In Myanmar, Marie traveled from the former royal capital of Mandalay to the archaeological site of Bagan, then to Inle Lake with its famous leg-rowing fishermen, then north into the Shan State, home to the Shan people who have lived there for over a thousand years.
This story takes place in the mountainous region of northern Shan.
26.01.2015. 4 am.
The bus from Kalaw finally reaches my destination, Kyaukme, a Shan city located 30 km west of the town of Hsipaw. I have spent the last 11 hours folded in three between the bus window and the guy-next-door’s lap, in a semi-comatose state brushing blissful unconsciousness. My physical state borders on gruesome, a medical conundrum of withered skins, rumbling bowels, and canary-coloured eyes. I dig deep inside my bag for a pack of Malarone, praying for their glowing side-effects to dissipate quickly. I had woken up the previous morning to an oh-so-subtle glowing hue of undiluted Fanta joyously bathing my eyeballs, to the obvious bewilderment of my travel buddy. However, this state of deep body confusion was somehow also shared by our internal pipe system, as inevitably expected when leaving the culinary comfort of Europe. Three days of food-poisoning rage had left us stripped of our pants and bared of our dignity, and the idea of a 12h-bus ride had not truly come by with undivided impatience. And it’s with our hands joined in endless worldly devotion that we hopped off the bus, eyes bloodied with tiredness, but chins high and proud, a rite of passage conquered thanks to the blessing of Saint Imodium.
I crash onto the benches of one of the town’s two guest-houses, waiting for the sun to wake my mattresses’ providers. Kyaukme is a pleasant market town that seems to provide well for all: covered stalls for the shopper, cheap eateries for the hungry, photogeneity for the artist, and cyber-cafes for the young town monks eager to vaporize their morning earnings in front of Dota 2.
I meet T., our guide, in the late morning. His scooters are getting ready to tackle the dirt, tires still half-pumped, golden dust blocking the speed gauge, a purr of unrestricted freedom roaring deep in the engines. We drive, jump, crash and crack on hard pebbles, uneven tracks of stones, breathing in smut and the sticky smell of fresh asphalt.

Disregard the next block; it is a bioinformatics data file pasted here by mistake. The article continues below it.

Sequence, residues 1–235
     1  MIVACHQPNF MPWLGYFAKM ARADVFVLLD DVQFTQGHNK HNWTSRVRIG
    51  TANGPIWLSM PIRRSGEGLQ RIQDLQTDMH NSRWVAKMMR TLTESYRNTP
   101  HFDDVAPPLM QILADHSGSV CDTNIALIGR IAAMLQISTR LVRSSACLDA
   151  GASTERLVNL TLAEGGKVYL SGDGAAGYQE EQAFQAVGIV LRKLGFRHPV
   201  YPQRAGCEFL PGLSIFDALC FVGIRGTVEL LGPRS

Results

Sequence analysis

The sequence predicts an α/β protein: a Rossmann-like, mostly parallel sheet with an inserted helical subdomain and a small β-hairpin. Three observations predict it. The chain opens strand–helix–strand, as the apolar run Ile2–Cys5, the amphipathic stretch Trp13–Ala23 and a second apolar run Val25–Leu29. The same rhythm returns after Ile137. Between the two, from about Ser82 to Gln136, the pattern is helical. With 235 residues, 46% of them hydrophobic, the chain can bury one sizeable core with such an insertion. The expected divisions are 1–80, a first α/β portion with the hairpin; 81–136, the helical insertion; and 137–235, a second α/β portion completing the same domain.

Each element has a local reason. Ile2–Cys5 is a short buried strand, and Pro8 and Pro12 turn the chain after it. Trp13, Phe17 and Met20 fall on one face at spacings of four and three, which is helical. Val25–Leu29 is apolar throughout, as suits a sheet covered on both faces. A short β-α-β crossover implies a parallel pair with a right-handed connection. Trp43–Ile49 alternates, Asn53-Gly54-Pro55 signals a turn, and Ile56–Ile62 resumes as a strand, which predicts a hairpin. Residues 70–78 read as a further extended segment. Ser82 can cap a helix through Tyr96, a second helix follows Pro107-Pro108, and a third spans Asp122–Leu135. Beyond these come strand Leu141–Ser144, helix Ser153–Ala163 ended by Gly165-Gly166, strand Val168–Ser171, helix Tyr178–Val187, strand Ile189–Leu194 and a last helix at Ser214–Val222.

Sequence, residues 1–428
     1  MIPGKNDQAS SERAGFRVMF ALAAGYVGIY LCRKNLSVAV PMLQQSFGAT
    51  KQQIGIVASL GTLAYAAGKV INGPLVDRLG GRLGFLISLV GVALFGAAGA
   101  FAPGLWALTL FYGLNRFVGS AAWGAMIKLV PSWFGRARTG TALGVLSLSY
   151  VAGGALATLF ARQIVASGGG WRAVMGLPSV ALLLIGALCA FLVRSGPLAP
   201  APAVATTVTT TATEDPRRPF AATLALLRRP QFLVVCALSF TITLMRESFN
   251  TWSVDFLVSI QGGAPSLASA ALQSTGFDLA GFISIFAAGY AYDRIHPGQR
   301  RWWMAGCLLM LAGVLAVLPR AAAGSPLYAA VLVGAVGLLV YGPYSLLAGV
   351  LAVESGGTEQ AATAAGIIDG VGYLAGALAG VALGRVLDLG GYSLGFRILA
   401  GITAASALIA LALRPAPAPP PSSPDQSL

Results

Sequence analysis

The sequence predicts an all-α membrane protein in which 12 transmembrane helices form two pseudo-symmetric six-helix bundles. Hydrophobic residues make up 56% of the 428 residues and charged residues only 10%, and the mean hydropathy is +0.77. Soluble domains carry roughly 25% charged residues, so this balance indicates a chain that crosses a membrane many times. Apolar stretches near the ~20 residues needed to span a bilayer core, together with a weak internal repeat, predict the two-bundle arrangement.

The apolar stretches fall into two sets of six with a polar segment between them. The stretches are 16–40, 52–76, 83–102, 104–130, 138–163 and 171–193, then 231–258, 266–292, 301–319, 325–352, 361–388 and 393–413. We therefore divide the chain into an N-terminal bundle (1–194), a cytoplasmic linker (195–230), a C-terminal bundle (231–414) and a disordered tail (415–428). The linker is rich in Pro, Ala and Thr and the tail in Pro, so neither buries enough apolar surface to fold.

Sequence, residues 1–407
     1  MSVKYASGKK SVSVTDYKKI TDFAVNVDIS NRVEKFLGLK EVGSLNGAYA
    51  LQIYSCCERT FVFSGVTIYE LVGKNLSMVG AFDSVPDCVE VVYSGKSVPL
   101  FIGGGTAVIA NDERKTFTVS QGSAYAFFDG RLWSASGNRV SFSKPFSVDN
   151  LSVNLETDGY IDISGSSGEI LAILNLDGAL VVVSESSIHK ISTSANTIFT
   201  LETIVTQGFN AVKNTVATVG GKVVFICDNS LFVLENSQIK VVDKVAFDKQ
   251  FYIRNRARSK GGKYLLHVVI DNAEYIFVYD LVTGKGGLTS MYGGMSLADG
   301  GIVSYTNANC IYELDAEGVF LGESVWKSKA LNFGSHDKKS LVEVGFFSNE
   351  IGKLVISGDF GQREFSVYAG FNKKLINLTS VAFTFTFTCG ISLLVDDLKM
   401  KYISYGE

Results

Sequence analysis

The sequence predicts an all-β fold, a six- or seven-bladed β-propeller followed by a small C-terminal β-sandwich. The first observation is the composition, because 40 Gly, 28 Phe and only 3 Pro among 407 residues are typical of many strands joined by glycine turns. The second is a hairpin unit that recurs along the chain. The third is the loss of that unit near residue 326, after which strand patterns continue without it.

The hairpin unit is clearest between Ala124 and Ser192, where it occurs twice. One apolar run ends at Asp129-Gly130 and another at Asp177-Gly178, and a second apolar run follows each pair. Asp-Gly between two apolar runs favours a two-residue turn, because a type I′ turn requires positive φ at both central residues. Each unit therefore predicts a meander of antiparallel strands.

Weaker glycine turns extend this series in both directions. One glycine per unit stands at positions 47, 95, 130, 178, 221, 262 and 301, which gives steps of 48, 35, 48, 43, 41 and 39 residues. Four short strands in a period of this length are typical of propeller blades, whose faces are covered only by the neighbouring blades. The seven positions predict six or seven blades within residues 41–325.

The landscape receives our cloud of unconfident swirls, it sweetly rolls in a cyan haze; the shy green of tea trees thaws into a bleached sky. We spend the night in our host’s Palung village, deep into the mountains, a peaceful hamlet struggling to forget the gun-fights that recently knocked on its door. Rebellion and military offensives scar its faces and memory.
I sit by our host’s hearth. Four logs blithely creak with ambers, heating a heavy teapot of iron cast, fumes filling the wooden house, its weaved roof, and mahogany-colored beams. The fumes spicing our dinner fill the eyes and throat, they prick tender meat with acridity. Petite beads of scented charcoal saturate the senses with ash. Our host stares into the flames, old eyes sadly absent, a freshly rolled cigar tainting his withered fingers.
A young man comes in with a wide smile of misaligned teeth, and a wide stick of wood in his hand. Our host gets up and slowly walks to another corner of the room, crooked-gaited and lethargic. In a nosy tone and voice mealy with use, he speaks a monotonous blessing for his young relative who kneels beside him, hands joined in devotion.
The roads of northern Shan slice through lush waves of succulent green. The rays of the sun travel down in a veil of powdered crimson. Towards the north, whispered tales about restricted lands break the hills’ serenity with rumors of insurgence.
As all the lights dim and we head to sleep, our guide quickly plays a couple of videos on his mobile phone. Military marches and blasting bombing echo through gray light, and with an electronic switch, suddenly faints into oblivion.
In total Marie spent three days on the road in this part of the Shan, visiting villages on a scooter and doing brief hikes into the hills.